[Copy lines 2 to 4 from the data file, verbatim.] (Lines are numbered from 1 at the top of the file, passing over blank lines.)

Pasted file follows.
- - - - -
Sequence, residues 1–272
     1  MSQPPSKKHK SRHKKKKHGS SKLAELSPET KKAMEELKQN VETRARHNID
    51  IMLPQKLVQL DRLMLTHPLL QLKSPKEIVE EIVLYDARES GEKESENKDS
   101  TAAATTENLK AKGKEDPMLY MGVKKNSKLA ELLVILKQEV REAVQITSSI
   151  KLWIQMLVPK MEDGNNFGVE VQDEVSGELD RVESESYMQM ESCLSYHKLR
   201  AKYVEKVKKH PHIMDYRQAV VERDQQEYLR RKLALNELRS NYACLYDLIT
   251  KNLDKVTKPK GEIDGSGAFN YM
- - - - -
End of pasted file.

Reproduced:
     1  MSQPPSKKHK SRHKKKKHGS SKLAELSPET KKAMEELKQN VETRARHNID
    51  IMLPQKLVQL DRLMLTHPLL QLKSPKEIVE EIVLYDARES GEKESENKDS
   101  TAAATTENLK AKGKEDPMLY MGVKKNSKLA ELLVILKQEV REAVQITSSI